Whenever any wire or oral communication has been intercepted, no part of the contents of such communication and no evidence derived therefrom may be received in evidence in any trial . . . if the disclosure of that information would be in violation of this chapter.

Suppression sanctions for improperly intercepted communications are included in 18 U.S.C. § 2518(10)(a):

(10)(a) Any aggrieved person in any trial, hearing, or proceeding in or before any court, department, officer, agency, regulatory body, or other authority of the United States, a State, or a political subdivision thereof, may move to suppress the contents of any intercepted wire or oral communication, or evidence derived therefrom, on the grounds that

(i) the communication was unlawfully intercepted;

(ii) the order of authorization or approval under which it was intercepted is insufficient on its face; or

(iii) the interception was not made in conformity with the order of authorization or approval. (not relevant here).


The government cites 28 C.F.R. 0.132(d) (1974) which provides that in the event of a vacancy, a ranking department head, such as an acting assistant attorney general "shall perform the functions and duties and act as" an assistant attorney general. The government argues that unless vacancies can be filled by fully qualified persons, the government will grind to a halt while Senate approval is pending. This argument ignores the fact that there are nine assistant attorneys general and the fact that this statute is very specific in its limitations. The logic of Title III need not necessarily apply to all activities by an acting assistant attorney general. Several district court opinions have held that an acting officer is outside the scope of § 2516(1). United States v. Narducci, 341 F.Supp. 1107 (E.D.Pa., 1972), United States v. Boone, 348 F.Supp. 168 (E.D.Va., 1972)

We note but decline to follow a contrary holding in United States v. Pellicci, 504 F.2d 1106 (1st Cir., 1974) cert. denied --- U.S. ---, 95 S.Ct. 805, 42 L.Ed.2d 821 (1974) and United States v. Vigi, 350 F.Supp. 1008 (E.D.Mich., 1972).


Relying solely on Chavez, the Fifth Circuit has held on identical facts that suppression is not required. United States v. Robertson, 504 F.2d 289 (5th Cir., 1974). The Court in Robertson considered only the issue of misidentification as a suppression ground under (10)(a)(i). Suppression for facial insufficiency under (10)(a)(ii) was not raised in that opinion


In Chavez, the Supreme Court explored the purposes of the identification requirements. Although made in the context of (10)(a)(i), the analysis is also relevant to (10)(a)(ii)

Requiring identification of the authorizing official in the application facilitates the court's ability to conclude that the application has been properly approved under § 2516; requiring identification in the court's order also serves to "fix responsibility" for the source of preliminary approval. This information contained in the application and order further aids the judge in making reports required under 18 U.S.C. § 2519. That section requires the judge who issues or denies an interception order to report his action and certain information about the application, including the "identity of . . . the person authorizing the application," within 30 days, to the Administrative Office of the United States Courts, § 2519(1)(f). An annual report of the authorizing officials designated in § 2516 must also be filed with that body, and is to contain the same information with respect to each application made as is required of the issuing or denying judge, § 2519(2)(a). Finally, a summary of the information filed by the judges acting on applications and the prosecutors approving their submission is to be filed with Congress in April of each year by the Administrative Office, § 2519(3). The purpose of these reports is "to form the basis for a public evaluation" of the operation of Title III and to "assure the community that the system of court-order(ed) electronic surveillance . . . is properly administered. . . . " S.Rep. No. 1097, 90th Cong., 2d Sess., 107. While adherence to the identification reporting requirements of §§ 2518(1)(a) and (4)(d) thus can simplify the assurance that those who Title III makes responsible for determining when and how wiretapping and electronic surveillance should be conducted have fulfilled their roles in each case, they do not establish a substantive role to be played in the regulatory system. (Footnotes deleted). 416 U.S. at 575-8, 94 S.Ct. at 1856.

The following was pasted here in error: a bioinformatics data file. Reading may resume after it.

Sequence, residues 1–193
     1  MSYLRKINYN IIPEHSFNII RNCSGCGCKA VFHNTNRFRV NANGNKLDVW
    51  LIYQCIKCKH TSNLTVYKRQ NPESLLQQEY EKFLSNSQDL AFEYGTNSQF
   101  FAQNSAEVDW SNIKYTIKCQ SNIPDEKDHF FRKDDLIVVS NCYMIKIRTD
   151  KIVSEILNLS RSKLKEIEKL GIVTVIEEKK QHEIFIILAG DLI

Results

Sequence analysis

On the diminished importance of the signature see Giordano, 416 U.S. at 525 n. 14, 94 S.Ct. 1820; United States v. Falcone, 505 F.2d 478 (3d Cir., 1974); United States v. Iannelli, 477 F.2d 999, 1001 (3d Cir., 1973)


For other cases finding technical violations of wiretap statutes see United States v. Rizzo, 492 F.2d 443, 446 (2nd Cir., 1973), United States v. Manfredi, 488 F.2d 588, 598 (2nd Cir., 1973), United States v. Poeta, 455 F.2d 117 (2nd Cir., 1972)

In a somewhat analogous situation, Judge Friendly found technical defects in a search warrant. The court applied Rule 52(a), F.R.Cr.P. to the defective warrant, in a holding which denied suppression on grounds of harmless error. United States v. Ravich, 421 F.2d 1196 (2nd Cir., 1970).


We do not necessarily support the Second Circuit's view that failure to include a minimization order is a minor facial insufficiency. We cite the case for the proposition that there can be facial insufficiency which is technical, and, therefore, insufficient to require suppression


United States v. Giordano, 416 U.S. 505, 520, 94 S.Ct. 1820, 40 L.Ed.2d 341 (1974)